They facilitate shaping of the beam of light from the fixture, prevent the distinctive scatter of light created by the Fresnel lens from spilling into areas where it is not wanted, such as the eyes of audience members. Barn doors are mounted with a ring; because of this, barn doors have a gel slot built into them, so the light can still be colored. Depending on the size and local practices, barn doors may be attached to the pipe or the instrument with their own safety cable. Barn doors are not used with "profile" or "ellipsoidal reflector" spotlights such as the Source Four because they have internal shutters which work more effectively. Barn doors are not effective at shaping the light of a PAR lights and a narrower lens would be a better way to do this. A top hat known as a stove pipe or snoot, is a device used in theatrical lighting to shield the audience's eyes from the direct source of the light, it is shaped like a top hat with a hole in the top, the brim being inserted into the gel frame holder on a lighting instrument.
The cylinder allows light to pass through but takes away the glint of a lighting instrument facing the audience. It reduces flare created by the light, useful when the unit is hung near the proscenium or other objects that the designer does not want to light. There are half-hats or "eyelashes", which function in a similar manner but have only half the cylinder, short hats, which are shorter in length. Top hats are manufactured for most modern-day lighting instruments with gel frames of varying sizes. Gel extenders are similar to top hats in appearance, being a tube placed over the end of a lighting fixture. Unlike top hats, gel extenders have a colour frame holder built into the end to allow color gel to be mounted. Gel extenders are available in a conical shape which does not constrict the beam of light output from the fixture at all. A colour frame or gel frame is a piece of folded material, made from either metal or cardboard, designed to hold colour media. Colour frames are placed directly outside the fixture in front of lens assembly.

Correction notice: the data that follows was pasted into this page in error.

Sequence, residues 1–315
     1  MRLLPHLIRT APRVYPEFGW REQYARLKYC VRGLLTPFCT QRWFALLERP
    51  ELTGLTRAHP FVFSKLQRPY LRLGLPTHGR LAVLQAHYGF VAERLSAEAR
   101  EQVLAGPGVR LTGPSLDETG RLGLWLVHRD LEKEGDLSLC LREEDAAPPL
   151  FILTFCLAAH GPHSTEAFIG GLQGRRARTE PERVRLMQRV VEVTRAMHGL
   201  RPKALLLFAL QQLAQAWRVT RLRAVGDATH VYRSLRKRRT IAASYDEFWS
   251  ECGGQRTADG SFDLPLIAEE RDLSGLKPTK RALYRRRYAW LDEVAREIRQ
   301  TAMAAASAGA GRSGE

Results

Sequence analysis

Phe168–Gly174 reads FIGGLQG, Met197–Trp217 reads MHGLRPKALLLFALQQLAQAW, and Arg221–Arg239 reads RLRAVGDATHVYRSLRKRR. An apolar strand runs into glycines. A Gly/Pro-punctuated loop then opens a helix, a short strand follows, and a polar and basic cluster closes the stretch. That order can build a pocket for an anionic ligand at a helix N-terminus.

Most fixtures include an integrated holder for the frame. Some accessories designed to mount in the gel frame holder, such as Barn Doors include an integrated replacement slot for frames. Comes in many different sizes for all types of lanterns including, fresnels and par cans A doughnut, or donut, is a thin metal or cardboard panel, similar in shape and appearance to a colour frame, but with a small diameter hole intended to reduce off-axis rays of light being projected from a fixture; this increases sharpness of the light by reducing the effect of imperfect lenses. Doughnuts are designed to fit into the colour frame holder directly outside the fixture in front of lens assembly; because they are thin, doughnuts can be placed in the same slot as a gel frame. Doughnuts are used in fixtures in order to sharpen the beam when a template is in place. A color scroller, color changer, or "scroller" is a lighting accessory used to change color gels on stage lighting instruments without the need of a person to be in the vicinity of the light.
It is attached in the gel frame holder on the outside of a lighting instrument in front of lens assembly. The "scroll" of colours inside the colour changer allows a single fixture to output several different colours, or no colour, to change between colours on command. Most scrollers are controlled via DMX512 protocol, but some newer models utilize the RDM protocol. A moving mirror attachment is an ellipsoidal spotlight accessory that allows you to remotely re-position the beam of light, so that a single luminaire in a fixed position can be used for multiple "specials" in dozens of locations. Two of the most prominent models are the Elipscan by the Rosco I-Cue. Beam Bender A beam bender is a large adjustable mirror, mounted into the color slot on the front of a lighting fixture, it is designed to allow a fixture to be mounted at right angles to the desired direction to be lit and have the output reflected accordingly. Drop in Boomerang A Boomerang known as a Color magazine is a series of colored filters on hinges.
A "Drop in Boomerang" is designed to mount into the color slot of a lighting fixture and provide the operator with several manually selected gels. Most this accessory is seen in conjunction with the followspot yoke, when a fixture is being used as a small replaceme
Sound design is the art and practice of creating sound tracks for a variety of needs. It involves specifying, acquiring or creating auditory elements using audio production techniques and tools, it is employed in a variety of disciplines including filmmaking, television production, video game development, sound recording and reproduction, live performance, sound art, post-production and musical instrument development. Sound design involves performing and editing of composed or recorded audio, such as sound effects and dialogue for the purposes of the medium. A sound designer is one; the use of sound to evoke emotion, reflect mood and underscore actions in plays and dances began in prehistoric times. At its earliest, it was used in religious practices for recreation. In ancient Japan, theatrical events called kagura were performed in Shinto shrines with music and dance. Plays were performed in medieval times in a form of theatre called Commedia dell'arte, which used music and sound effects to enhance performances.